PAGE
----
Pairing(s)/Character(s): John, Sherlock, Moriarty
Warning(s): (spoilers in warnings; highlight to read or skip this warning) Murder; character death.
Summary: The bomb explodes. John reacts.
Author's Notes: Set immediately after TGG. Title and all dialogue in the fic taken from the Lasagna Oath – the modernised rewriting of the Hippocratic Oath, by Dr Louis Lasagna.
Dipping my toes into the Sherlock fandom. I'm writing a longer piece that may or may not ever see the light of day, but in the meantime, have this ficlet.
Edit: This fic has now become the first of a 'verse I'm calling the Affection-verse. Not S2-compliant, obviously.
If I do not violate this oath, may I enjoy life and art, respected while I live and remembered with affection thereafter. May I always act so as to preserve the finest traditions of my calling and may I long experience the joy of healing those who seek my help. – Hippocratic Oath, Dr Louis Lasagna
The bomb goes off, and three bodies hit the water.
It’s not entirely planned. The impact shoves them all in the direction of their movement at that point. Sherlock had turned to the side; John had been angled forward from a crouch; Moriarty had started to his left. The blast hurries them along, pushes them forward. Sherlock’s back snaps sharply and he hits the water face-first. John plunges into the water after him.
When he hits the water, this is what he thinks of: ears, brain, abdomen, lungs. Apnea, bradycardia, hypotension. Butterflies, ghostly pale on translucent grey. Haemorrhages, tissue shearing, pulmonary contusions. Overpressure, reflections, blunt trauma.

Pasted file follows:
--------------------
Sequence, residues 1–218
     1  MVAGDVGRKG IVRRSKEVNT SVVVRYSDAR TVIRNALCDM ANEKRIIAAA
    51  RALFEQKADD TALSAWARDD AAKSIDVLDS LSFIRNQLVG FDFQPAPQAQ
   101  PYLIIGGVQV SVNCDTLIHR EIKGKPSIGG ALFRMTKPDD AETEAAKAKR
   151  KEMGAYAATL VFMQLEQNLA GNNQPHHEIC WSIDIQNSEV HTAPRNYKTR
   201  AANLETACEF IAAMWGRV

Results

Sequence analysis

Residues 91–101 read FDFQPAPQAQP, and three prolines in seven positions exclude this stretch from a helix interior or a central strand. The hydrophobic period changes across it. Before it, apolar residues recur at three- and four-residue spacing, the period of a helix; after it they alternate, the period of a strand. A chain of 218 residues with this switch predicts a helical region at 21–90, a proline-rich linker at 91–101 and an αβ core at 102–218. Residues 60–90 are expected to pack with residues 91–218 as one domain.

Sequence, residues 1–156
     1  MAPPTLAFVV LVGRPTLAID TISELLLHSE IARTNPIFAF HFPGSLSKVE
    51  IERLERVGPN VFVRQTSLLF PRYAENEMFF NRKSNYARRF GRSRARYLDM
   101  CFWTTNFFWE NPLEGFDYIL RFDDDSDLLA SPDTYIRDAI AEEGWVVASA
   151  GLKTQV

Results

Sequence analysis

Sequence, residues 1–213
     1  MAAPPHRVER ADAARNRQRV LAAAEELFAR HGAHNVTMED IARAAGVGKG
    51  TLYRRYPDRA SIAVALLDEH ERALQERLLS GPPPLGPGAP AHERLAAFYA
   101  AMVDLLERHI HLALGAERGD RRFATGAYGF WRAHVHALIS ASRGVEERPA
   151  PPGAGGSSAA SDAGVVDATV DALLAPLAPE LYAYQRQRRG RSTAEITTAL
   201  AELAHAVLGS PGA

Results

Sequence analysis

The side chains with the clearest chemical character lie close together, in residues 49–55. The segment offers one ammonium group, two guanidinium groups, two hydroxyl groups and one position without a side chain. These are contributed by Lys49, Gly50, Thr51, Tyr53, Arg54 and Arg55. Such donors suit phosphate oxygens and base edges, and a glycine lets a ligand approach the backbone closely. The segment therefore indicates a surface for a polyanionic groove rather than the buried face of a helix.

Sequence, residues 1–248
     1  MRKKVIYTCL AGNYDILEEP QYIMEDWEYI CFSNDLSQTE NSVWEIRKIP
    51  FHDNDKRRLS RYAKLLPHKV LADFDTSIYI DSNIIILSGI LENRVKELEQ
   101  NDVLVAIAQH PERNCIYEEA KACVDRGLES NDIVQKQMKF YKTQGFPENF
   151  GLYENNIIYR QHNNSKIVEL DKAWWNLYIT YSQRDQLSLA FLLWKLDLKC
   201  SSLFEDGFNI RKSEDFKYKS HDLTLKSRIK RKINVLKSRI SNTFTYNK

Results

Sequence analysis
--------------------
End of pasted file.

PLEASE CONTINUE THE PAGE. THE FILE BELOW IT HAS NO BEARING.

This is the next thing he thinks of: Sherlock.
The water is still shuddering as he kicks forward frantically. Can’t surface yet, he thinks, still a chance of fire and falling debris, and the snipers, what happened to the snipers? Sherlock caught the blast in the back, possible complications? Spinal trauma, god, no. Apnea might help, keep water out of his lungs. But too long and that will kill him and why isn’t he moving?
A thumb-drive tumbles sadly through the water in front of him. John grits his teeth, grabs for the back of Sherlock’s jacket, then immediately lets go. No, not this, not like this. Possible spinal injury? How to best minimise further damage, how should he –
He needs air. Sherlock’s floating near the top of the pool, so it’s hardly any distance at all to cover. John breaks the surface and takes a quick look around. He’s no deductive wizard, but he knows how to take in the important things at a glance. Parts of the building have collapsed but the ceiling is not about to fall in on them, there’s enough smoke filling the place to make it impossible for the snipers to pick them out (if they’re still alive), and Sherlock is still in the water.
There’s a way of doing this properly, John knows, but he can’t remember it and anyway he’s liable to cause more damage if he does it wrongly. He settles for being inordinately careful as he rolls Sherlock around, bringing his nose and mouth out of the water. Sherlock isn’t breathing, but John refuses to think about that for now. A slow crawl forward takes them both to the side of the pool, where he’s faced with yet another problem. From his current position, he can’t push Sherlock out with possibly causing further trauma. He needs to lever him out from the opposite direction. Sherlock’s body bobs limply in the water as John clambers out, then reaches down to gently, carefully, pull Sherlock out and onto the side of the pool.